It’s poignant to imagine that Praca do Giraldo – the beautiful main square – is where the Inquisition court conducted autos da fé. Guide Melanie Wolfram – who holds a doctorate in history and archeology – led us to the former Jewish quarter that once housed two synagogues as well as a mikveh, school, hospital and treatment home for lepers. Showing the steel posts of gates that enclosed the Jews, she said, “These weren’t to keep Jews in, but to keep Christians out.”
Along the way, she pointed out grooves on doorposts that may have held mezuzot and explained, “Evora’s blackest history is that Jews were forced to convert when all Jewish children under 14 were baptized and sent by boat to Cape Verde, where many died.” The Evora Museum has a stone with Hebrew inscriptions dating from around 1378.
Literally thrilling was a visit to the public library where we had the rare privilege to see a 1496 first edition of Almanac Perpetuum and Nautical Guide written by Jewish astronomer Abraham Zacuto. Born in Salamanca, Spain in 1450, Zacuto fled to Lisbon where he served as astronomer for King Joao II, creating most of the marine charts used by navigators including Pedro Alvares Cabral and Vasco de Gama. He fled Portugal’s Inquisition for Constantinople, and likely died in Damascus or Jerusalem.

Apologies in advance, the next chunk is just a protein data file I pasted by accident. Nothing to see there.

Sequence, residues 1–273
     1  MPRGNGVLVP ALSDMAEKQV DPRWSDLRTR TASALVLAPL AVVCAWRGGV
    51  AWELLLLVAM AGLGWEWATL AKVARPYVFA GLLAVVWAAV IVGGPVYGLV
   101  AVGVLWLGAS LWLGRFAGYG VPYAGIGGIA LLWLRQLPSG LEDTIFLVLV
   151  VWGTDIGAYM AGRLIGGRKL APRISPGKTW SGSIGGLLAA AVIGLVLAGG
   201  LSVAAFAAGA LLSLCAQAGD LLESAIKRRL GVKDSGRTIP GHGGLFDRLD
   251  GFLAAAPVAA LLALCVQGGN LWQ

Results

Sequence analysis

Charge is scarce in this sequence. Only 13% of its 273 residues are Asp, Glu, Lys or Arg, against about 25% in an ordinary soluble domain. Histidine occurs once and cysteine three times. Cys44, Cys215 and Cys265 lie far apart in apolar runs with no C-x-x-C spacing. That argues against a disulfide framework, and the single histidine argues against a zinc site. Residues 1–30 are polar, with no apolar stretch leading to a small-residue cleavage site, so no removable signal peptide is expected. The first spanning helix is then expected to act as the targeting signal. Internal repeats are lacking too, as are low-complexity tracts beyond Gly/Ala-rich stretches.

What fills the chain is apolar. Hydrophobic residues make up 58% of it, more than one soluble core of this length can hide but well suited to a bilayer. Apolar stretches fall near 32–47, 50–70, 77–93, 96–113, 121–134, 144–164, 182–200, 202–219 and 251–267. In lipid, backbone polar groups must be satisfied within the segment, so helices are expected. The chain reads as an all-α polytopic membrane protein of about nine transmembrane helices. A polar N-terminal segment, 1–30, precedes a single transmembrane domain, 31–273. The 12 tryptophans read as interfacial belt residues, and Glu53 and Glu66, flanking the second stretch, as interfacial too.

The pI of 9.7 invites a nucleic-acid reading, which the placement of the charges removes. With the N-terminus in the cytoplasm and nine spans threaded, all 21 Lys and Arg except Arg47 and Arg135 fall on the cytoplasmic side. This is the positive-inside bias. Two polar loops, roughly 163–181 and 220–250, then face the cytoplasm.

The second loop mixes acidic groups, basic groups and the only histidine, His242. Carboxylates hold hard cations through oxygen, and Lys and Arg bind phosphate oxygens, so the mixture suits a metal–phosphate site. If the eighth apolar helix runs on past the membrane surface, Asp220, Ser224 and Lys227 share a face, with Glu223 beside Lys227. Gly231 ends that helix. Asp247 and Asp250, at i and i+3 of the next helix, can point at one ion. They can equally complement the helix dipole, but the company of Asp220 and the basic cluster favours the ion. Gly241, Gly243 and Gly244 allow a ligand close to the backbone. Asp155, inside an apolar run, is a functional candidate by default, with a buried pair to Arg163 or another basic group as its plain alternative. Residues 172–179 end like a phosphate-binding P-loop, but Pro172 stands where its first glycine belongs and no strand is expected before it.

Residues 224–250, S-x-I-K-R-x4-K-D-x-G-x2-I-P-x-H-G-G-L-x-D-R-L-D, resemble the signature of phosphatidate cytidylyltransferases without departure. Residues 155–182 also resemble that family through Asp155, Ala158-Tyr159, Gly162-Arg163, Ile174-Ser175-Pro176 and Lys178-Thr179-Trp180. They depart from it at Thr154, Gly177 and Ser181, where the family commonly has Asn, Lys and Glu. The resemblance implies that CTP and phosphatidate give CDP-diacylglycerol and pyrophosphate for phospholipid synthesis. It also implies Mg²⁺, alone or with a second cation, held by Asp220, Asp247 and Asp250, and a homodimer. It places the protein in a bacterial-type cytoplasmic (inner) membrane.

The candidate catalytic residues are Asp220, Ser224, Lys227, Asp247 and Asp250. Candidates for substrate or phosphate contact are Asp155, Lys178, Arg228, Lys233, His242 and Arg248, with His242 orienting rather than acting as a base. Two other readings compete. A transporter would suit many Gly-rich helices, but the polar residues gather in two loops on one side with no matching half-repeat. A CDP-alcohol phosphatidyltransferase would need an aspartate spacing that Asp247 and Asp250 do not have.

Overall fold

Back in Lisbon – after hearing Filipe Silva say: “It’s in our Portuguese DNA to respect our Jewish heritage,” I sensed that the beauty of Portugal today is its genuine welcome to Jews, among all people. Yet to search for Jewish history in Porto, Belmonte, Tomar, Trancoso, Guarda, I’m determined to return.
Visit www.visitportugal.com for details of Portugal’s “Jewish Legacy” trail featuring 30 sites. TAP Portugal offers a Toronto-to-Lisbon route with connections to Tel Aviv and a “free air stopover” in Lisbon up to 5 nights www.flytap.com.